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Lab-grown placentas 'will transform pregnancy research' | Science



Scientists have grown "mini placentas" in a breakthrough that could transform research into the underlying causes of miscarriage, still in pregnancy and other disorders.

The tiny organoids mimic the placenta in the early stages of the first trimester and will be used to understand how tissue develops in pregnancies, and what goes wrong when it fails.

The mini placentas are so much like the real thing they can fool over-the-counter pregnancy tests. "If we are pregnancy sticking into the medium from the organoids it reads 'pregnant'," said Ashley Moffett, a senior researcher on the team and professor of reproductive immunology at Cambridge University.

In a healthy pregnancy the placenta grows and attaches to the wall of the womb where it provides oxygen and nutrients for the baby, while removing waste from the fetus blood. It also secretes hormones into the mother.

Pregnancy can fail when the embryo does not implant properly and the placenta does not attach. Understanding what goes wrong in these cases has been hard to find because scientists do not have the placements to study, and the placements of animals are too different to make meaningful comparisons.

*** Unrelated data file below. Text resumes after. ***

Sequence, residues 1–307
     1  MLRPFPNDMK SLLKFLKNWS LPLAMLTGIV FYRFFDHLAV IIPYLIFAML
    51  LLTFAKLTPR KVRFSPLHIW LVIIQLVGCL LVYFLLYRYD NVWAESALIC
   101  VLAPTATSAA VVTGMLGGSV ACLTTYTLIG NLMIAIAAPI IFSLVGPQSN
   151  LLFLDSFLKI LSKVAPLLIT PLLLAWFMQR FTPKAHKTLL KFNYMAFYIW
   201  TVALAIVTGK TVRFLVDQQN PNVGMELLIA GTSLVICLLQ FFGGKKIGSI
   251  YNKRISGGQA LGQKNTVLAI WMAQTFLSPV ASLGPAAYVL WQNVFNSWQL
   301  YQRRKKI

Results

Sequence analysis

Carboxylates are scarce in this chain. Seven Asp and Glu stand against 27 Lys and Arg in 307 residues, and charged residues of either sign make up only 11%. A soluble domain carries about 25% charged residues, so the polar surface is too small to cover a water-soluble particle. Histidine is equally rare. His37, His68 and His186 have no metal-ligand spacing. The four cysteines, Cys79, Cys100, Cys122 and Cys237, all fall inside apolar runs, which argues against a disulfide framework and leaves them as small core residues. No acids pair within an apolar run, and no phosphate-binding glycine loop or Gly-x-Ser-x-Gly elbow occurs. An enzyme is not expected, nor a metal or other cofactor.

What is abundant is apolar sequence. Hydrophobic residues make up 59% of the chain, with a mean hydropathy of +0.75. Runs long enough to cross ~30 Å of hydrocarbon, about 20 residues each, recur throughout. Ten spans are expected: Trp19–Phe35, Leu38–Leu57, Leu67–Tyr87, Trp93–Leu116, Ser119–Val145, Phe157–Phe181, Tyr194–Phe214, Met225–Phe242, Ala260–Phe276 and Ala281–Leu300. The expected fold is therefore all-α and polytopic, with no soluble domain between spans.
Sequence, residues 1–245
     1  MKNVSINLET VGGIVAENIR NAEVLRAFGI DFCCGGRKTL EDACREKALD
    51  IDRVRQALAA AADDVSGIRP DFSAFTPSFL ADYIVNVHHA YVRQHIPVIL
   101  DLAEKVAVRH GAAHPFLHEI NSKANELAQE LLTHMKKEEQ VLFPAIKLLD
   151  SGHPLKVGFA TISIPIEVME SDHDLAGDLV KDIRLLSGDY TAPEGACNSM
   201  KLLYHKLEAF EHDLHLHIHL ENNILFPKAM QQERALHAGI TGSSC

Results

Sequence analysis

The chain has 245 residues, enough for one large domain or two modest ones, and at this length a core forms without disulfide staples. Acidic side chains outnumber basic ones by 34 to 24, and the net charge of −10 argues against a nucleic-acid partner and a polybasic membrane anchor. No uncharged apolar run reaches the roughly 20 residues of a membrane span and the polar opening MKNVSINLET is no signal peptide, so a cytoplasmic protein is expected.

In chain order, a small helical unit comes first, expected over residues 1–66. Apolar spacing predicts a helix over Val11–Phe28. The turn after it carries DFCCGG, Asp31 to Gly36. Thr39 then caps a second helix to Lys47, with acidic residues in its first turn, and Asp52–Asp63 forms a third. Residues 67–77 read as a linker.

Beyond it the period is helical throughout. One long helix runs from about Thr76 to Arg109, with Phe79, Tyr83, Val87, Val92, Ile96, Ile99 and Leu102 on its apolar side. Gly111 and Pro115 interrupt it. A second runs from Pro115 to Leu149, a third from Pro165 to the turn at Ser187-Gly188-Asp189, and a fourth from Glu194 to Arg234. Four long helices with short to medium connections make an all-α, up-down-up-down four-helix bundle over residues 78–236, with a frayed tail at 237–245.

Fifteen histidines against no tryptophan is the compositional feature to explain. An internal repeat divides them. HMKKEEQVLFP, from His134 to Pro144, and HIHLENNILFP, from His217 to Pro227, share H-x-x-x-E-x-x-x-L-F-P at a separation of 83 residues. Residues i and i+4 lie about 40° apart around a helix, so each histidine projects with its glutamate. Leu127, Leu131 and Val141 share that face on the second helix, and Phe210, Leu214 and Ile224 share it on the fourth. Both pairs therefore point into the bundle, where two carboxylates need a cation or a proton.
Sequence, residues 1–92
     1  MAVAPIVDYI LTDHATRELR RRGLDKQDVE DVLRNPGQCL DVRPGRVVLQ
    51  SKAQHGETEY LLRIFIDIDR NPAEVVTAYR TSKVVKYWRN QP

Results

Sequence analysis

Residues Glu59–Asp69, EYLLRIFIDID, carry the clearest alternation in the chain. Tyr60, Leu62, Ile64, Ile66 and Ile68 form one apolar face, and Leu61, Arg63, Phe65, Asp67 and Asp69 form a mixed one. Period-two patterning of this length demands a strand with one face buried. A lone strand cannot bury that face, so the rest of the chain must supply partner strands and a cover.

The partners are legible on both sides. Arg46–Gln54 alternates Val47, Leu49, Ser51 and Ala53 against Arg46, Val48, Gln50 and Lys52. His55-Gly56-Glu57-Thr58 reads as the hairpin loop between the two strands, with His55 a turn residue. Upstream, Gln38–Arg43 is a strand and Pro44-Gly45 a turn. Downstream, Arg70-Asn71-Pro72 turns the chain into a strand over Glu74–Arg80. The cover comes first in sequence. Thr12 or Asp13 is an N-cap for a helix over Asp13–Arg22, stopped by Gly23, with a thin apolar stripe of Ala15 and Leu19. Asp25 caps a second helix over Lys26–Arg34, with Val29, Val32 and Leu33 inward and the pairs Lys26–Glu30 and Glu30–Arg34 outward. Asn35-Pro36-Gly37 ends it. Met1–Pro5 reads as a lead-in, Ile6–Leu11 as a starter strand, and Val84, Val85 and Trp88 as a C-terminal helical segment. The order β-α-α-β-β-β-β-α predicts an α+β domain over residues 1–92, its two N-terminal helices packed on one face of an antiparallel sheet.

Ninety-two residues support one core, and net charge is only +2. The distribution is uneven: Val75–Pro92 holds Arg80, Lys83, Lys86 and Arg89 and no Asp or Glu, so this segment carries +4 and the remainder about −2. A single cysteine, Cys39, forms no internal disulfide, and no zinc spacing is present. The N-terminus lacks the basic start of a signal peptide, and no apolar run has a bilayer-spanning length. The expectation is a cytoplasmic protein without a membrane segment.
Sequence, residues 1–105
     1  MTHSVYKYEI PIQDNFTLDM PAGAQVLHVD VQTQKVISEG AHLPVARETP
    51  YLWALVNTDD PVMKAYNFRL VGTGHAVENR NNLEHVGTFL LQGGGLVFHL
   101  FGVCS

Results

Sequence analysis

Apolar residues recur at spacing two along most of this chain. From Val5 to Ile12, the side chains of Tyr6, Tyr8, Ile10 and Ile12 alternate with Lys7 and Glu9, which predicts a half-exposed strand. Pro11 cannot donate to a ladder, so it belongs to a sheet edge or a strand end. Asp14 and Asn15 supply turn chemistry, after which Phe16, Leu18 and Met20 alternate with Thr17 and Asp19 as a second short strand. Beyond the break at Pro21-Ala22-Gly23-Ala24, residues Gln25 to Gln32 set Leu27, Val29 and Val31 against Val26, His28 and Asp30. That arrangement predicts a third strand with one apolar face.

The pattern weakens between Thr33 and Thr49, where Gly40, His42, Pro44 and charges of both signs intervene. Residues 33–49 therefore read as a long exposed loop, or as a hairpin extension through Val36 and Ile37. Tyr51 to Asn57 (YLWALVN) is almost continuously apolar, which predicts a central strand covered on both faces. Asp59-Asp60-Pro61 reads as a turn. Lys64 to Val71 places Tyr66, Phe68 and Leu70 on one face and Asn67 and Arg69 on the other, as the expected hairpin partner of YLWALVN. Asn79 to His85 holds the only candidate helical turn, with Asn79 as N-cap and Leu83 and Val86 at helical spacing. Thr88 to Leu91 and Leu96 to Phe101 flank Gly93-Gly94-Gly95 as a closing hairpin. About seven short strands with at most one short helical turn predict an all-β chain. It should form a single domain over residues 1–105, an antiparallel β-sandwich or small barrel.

"We can now begin to do experiments on how placental development occurs in the uterine environment," said Moffett.

The Cambridge team grew from their laboratory using cells from frond-like structures called villi which are found in placental tissue. The cells are organized themselves into capable multi-cellular structures that are secreting the proteins and hormones that affect the metabolism of the mother during pregnancy.

The organoids range from size is from a millimeter to half a millimeter. They can be frozen and stored and then thrown out when needed.

Researchers want to use the organization to study some of the most common disorders, such as pre-eclampsia, stillbirth and growth restriction. But the lab grown mini-placent will also help understand how certain infections affect babies.

But it is not clear how the virus crosses the placenta when the very similar dengue virus does not.

Other work will investigate the hormones and proteins secreted by the organization as they grow, with a view to identifying substances that could provide early warning that the placenta is not working properly. "These women could be followed more closely," said Moffett. Details of research are published in Nature.

Margherita Turco, lead author of research, said: "The placenta is absolutely essential for supporting the baby as it grows inside the mother. When it doesn't function properly it can result in serious problems, from pre-eclampsia to miscarriage, with immediate consequences for both mother and child. "

The mini-placentas could also be used to check the safety of new drugs during early pregnancy, and shed light on how chromosome abnormalities can be upset a baby's normal development. Further on the placentas could provide stem-cell therapies for failing pregnancies, the researchers said.


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